The best Angels player to wear number 54

Los Angeles Angels of Anaheim v Texas Rangers - Game Two
Los Angeles Angels of Anaheim v Texas Rangers - Game Two / R. Yeatts/GettyImages

Only eight players have worn number 54 in Los Angeles Angels history. The most recent one is Jose Suarez, who is wearing the number currently. Suarez is the fifth starter for the Angels and is looking to build off of a fantastic second half of the 2022 season. They need him to get off to a good start.

The Angels would greatly benefit from another leap from the southpaw. In the first half he was not good. A 5.60 ERA is nothing to be excited about. In the second half he was much better, but pitched mainly against some weak competition and had a lot of trouble pitching against hitters for a third time. He's going to have to be better against the good teams and give the Angels more length.

Fortunately, Suarez is not relied upon like an ace or even a top three starter in a rotation. He's replaceable if he gets off to a rough start. He's not the best Angels player to wear the number, but since there're only eight players to ever wear it, he's probably not too far off.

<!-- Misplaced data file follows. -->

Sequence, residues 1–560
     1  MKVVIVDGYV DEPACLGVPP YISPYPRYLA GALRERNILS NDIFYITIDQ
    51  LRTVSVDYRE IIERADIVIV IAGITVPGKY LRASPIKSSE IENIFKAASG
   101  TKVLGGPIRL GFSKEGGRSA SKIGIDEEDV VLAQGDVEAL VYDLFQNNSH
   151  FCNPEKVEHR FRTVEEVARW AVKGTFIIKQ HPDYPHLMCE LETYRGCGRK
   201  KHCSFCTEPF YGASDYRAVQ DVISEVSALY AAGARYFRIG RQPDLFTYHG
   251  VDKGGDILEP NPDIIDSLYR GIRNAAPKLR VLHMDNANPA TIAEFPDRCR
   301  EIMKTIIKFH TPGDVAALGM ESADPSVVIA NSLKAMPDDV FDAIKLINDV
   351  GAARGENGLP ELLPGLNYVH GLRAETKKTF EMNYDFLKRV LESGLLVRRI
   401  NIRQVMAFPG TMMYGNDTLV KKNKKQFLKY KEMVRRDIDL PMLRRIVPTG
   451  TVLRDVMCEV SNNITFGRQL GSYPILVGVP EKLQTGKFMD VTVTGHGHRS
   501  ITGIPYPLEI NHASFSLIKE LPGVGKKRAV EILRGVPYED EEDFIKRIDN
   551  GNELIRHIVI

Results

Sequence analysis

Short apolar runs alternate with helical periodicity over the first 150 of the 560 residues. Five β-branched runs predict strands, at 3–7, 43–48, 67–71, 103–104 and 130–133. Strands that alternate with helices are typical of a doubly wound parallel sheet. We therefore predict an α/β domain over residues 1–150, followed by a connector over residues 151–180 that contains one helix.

Ervin Santana is the best player to wear number 54 in Angels history

Ervin Santana began his lengthy Angels career in 2005 and made 23 starts. He had a 4.65 ERA in those starts. Not great, but that's what Ervin was a lot of the time. Just an innings eater who you could rely on to take the ball when asked and hopefully keep you in games. He was never a legitimate ace.

While Santana was never an ace, he did have a couple of really nice seasons. His best season came in 2008. He went 16-7 with a 3.49 ERA in 32 starts and 219 innings pitched. He struck out 214 batters that season (8.8 K/9) while walking just 44 (1.9 BB/9). He made his only all-star appearance as an Angel that season and finished sixth in the AL Cy Young balloting.

Santana's best moment as an Angel came in a 2011 game against the Cleveland Indians. He threw the ninth no-hitter in Angels history in a victory over Cleveland. Santana did allow a run but the baserunner reached on an error, stole second, advanced to third on a groundout, and scored on a wild pitch. He walked just one batter while striking out 10. Was dominant from the start.

Santana pitched for eight seasons as an Angel and ranks seventh in wins, strikeouts, and innings pitched. He ranks in the top-15 for most statistical categories. He wasn't the best pitcher they've had, but Santana was here for a long time and was a valuable member of a couple of playoff teams.

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